Representatives of the two sides involved in a strike at the ports of Los Angeles and Long Beach continued talks Saturday, but no resolution was announced.

A person involved in the negotiations said talks that began Friday evening lasted until 2:30 a.m. Saturday before breaking for the night. They resumed about six hours later.

Entering its fifth day, the strike by clerical workers represented by Local 63 of the International Longshore and Warehouse Union is causing ships to be diverted to other ports and forcing others to idle offshore waiting to unload their goods.

Five cargo ships were scheduled to arrive at the twin port complex - the busiest in the nation - where nine ships waited for work to resume.

Nine other vessels were diverted to other ports Friday because of the strike.

Losses due to the strike have been estimated at $1 billion per day.

On Sunday, six more ships are due to arrive.

Dick McKenna, head of the Marine Exchange, which tracks cargo ships, said the diverted vessels went to Oakland and to commercial ports in Mexico and Panama.

The strike began Tuesday at one terminal. But by Wednesday, the walkout had spread to nine more terminals - three in Long Beach and seven in Los Angeles. Many, though not all, of the 800 members of the Office Clerical Unit have been working without contracts since a group of them expired in June 2010.


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On Saturday afternoon, a person involved with the negotiations said he did not expect the two sides to come to an agreement that day.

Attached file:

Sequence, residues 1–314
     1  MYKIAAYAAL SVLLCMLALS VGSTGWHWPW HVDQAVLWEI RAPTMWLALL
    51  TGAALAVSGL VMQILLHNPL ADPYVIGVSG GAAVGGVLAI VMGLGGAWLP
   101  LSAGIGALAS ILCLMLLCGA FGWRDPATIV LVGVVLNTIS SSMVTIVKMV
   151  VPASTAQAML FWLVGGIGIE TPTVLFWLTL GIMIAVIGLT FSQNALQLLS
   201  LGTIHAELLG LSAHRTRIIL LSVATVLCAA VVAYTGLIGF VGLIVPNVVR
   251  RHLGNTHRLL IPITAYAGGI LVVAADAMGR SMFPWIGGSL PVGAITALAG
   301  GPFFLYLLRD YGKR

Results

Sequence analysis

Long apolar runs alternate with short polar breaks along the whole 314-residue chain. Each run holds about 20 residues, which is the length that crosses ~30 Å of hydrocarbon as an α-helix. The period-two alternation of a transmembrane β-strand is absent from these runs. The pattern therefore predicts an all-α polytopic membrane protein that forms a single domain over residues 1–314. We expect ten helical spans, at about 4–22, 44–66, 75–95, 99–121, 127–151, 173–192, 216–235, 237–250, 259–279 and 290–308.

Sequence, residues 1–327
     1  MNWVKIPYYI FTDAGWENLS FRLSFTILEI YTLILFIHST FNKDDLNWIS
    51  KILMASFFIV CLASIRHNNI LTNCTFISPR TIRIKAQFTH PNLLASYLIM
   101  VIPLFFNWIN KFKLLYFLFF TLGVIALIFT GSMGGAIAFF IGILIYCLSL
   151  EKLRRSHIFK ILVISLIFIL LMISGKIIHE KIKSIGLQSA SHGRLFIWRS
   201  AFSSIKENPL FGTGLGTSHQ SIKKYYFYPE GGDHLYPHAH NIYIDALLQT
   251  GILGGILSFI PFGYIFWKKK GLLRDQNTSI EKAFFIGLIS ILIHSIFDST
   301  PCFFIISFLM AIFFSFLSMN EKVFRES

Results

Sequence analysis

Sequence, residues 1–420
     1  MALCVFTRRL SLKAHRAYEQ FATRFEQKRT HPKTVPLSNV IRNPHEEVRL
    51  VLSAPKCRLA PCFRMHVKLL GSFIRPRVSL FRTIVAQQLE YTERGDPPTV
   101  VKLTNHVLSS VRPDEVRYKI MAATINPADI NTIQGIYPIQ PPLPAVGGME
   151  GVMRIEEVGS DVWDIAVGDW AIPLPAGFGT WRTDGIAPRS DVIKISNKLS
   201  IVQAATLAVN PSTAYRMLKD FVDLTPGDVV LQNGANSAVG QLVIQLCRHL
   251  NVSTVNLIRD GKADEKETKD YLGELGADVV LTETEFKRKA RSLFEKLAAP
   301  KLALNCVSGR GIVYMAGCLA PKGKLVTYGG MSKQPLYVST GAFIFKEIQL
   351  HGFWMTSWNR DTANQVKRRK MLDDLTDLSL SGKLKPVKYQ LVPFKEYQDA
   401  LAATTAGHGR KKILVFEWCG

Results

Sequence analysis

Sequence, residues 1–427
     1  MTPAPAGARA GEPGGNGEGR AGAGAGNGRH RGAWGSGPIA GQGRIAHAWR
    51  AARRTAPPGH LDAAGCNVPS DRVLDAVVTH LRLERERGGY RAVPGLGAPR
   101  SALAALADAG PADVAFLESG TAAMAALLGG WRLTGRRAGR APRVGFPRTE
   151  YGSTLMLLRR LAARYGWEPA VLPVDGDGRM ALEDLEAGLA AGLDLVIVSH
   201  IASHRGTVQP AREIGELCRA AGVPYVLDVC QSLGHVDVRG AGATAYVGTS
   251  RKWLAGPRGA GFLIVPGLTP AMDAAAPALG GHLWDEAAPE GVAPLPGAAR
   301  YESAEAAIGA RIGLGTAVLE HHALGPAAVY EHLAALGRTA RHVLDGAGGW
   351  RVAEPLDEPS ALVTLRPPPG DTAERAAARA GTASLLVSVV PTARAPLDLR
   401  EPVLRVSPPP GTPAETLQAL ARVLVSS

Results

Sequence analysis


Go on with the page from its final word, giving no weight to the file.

The striking workers have expressed concern about the implementation of new booking information technology that could prompt employers to outsource jobs. That technology is already being used at other ports.

The Harbor Employers Association said that it has proposed "absolute job security," guaranteed full-time pay, wage increases and a one-time $3,000 payment to each permanent employee to cover missed pay hikes in 2010 and 2011.

The proposal also calls for pension raises for the next two years and maintaining pension benefits for the following two years.

In terms of staffing and technology, employers are agreeing to give up full control over whether and when temporary employees are called in to work.

But the union is demanding that employers hire additional, unnecessary employees and is insisting on stronger restraints on the implementation and use of technology, after agreeing to back down on those demands, the employers group said.


Staff writer Brian Sumers and City News Service contributed to this report.